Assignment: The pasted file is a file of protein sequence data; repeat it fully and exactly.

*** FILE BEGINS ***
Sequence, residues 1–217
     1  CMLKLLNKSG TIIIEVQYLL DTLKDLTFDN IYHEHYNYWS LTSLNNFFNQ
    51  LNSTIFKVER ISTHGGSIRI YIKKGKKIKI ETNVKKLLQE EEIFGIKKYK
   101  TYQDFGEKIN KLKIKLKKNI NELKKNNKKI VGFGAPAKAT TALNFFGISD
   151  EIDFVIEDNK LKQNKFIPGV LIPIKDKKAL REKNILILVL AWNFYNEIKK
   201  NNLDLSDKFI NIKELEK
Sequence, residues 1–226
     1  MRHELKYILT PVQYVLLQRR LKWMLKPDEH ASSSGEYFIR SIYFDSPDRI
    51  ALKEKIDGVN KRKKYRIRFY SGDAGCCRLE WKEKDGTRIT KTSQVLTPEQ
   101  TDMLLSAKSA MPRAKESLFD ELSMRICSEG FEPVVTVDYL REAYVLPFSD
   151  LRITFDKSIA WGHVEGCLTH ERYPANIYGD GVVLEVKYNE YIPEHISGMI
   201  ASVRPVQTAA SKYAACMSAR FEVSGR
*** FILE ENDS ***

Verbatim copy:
Sequence, residues 1–217
     1  CMLKLLNKSG TIIIEVQYLL DTLKDLTFDN IYHEHYNYWS LTSLNNFFNQ
    51  LNSTIFKVER ISTHGGSIRI YIKKGKKIKI ETNVKKLLQE EEIFGIKKYK
   101  TYQDFGEKIN KLKIKLKKNI NELKKNNKKI VGFGAPAKAT TALNFFGISD
   151  EIDFVIEDNK LKQNKFIPGV LIPIKDKKAL REKNILILVL AWNFYNEIKK
   201  NNLDLSDKFI NIKELEK
Sequence, residues 1–226
     1  MRHELKYILT PVQYVLLQRR LKWMLKPDEH ASSSGEYFIR SIYFDSPDRI
    51  ALKEKIDGVN KRKKYRIRFY SGDAGCCRLE WKEKDGTRIT KTSQVLTPEQ
   101  TDMLLSAKSA MPRAKESLFD ELSMRICSEG FEPVVTVDYL REAYVLPFSD
   151  LRITFDKSIA WGHVEGCLTH ERYPANIYGD GVVLEVKYNE YIPEHISGMI
   201  ASVRPVQTAA SKYAACMSAR FEVSGR